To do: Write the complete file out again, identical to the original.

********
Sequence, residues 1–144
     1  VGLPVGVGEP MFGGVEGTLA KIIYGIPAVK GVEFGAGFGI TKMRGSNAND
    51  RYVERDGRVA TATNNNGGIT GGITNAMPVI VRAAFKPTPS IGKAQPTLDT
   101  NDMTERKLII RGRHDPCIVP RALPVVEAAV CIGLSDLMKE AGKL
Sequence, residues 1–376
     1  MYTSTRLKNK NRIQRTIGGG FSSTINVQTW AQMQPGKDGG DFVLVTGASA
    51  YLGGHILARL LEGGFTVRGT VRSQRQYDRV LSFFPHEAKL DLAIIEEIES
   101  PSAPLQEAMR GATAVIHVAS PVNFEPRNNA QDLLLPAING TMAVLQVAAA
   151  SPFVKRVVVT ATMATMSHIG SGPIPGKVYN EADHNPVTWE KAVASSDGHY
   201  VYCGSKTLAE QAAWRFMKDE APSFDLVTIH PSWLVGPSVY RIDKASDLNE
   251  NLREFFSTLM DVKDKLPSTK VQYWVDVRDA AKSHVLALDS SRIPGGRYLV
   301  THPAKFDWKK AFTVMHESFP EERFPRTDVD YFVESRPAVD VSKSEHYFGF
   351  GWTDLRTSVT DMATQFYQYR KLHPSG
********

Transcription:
Sequence, residues 1–144
     1  VGLPVGVGEP MFGGVEGTLA KIIYGIPAVK GVEFGAGFGI TKMRGSNAND
    51  RYVERDGRVA TATNNNGGIT GGITNAMPVI VRAAFKPTPS IGKAQPTLDT
   101  NDMTERKLII RGRHDPCIVP RALPVVEAAV CIGLSDLMKE AGKL
Sequence, residues 1–376
     1  MYTSTRLKNK NRIQRTIGGG FSSTINVQTW AQMQPGKDGG DFVLVTGASA
    51  YLGGHILARL LEGGFTVRGT VRSQRQYDRV LSFFPHEAKL DLAIIEEIES
   101  PSAPLQEAMR GATAVIHVAS PVNFEPRNNA QDLLLPAING TMAVLQVAAA
   151  SPFVKRVVVT ATMATMSHIG SGPIPGKVYN EADHNPVTWE KAVASSDGHY
   201  VYCGSKTLAE QAAWRFMKDE APSFDLVTIH PSWLVGPSVY RIDKASDLNE
   251  NLREFFSTLM DVKDKLPSTK VQYWVDVRDA AKSHVLALDS SRIPGGRYLV
   301  THPAKFDWKK AFTVMHESFP EERFPRTDVD YFVESRPAVD VSKSEHYFGF
   351  GWTDLRTSVT DMATQFYQYR KLHPSG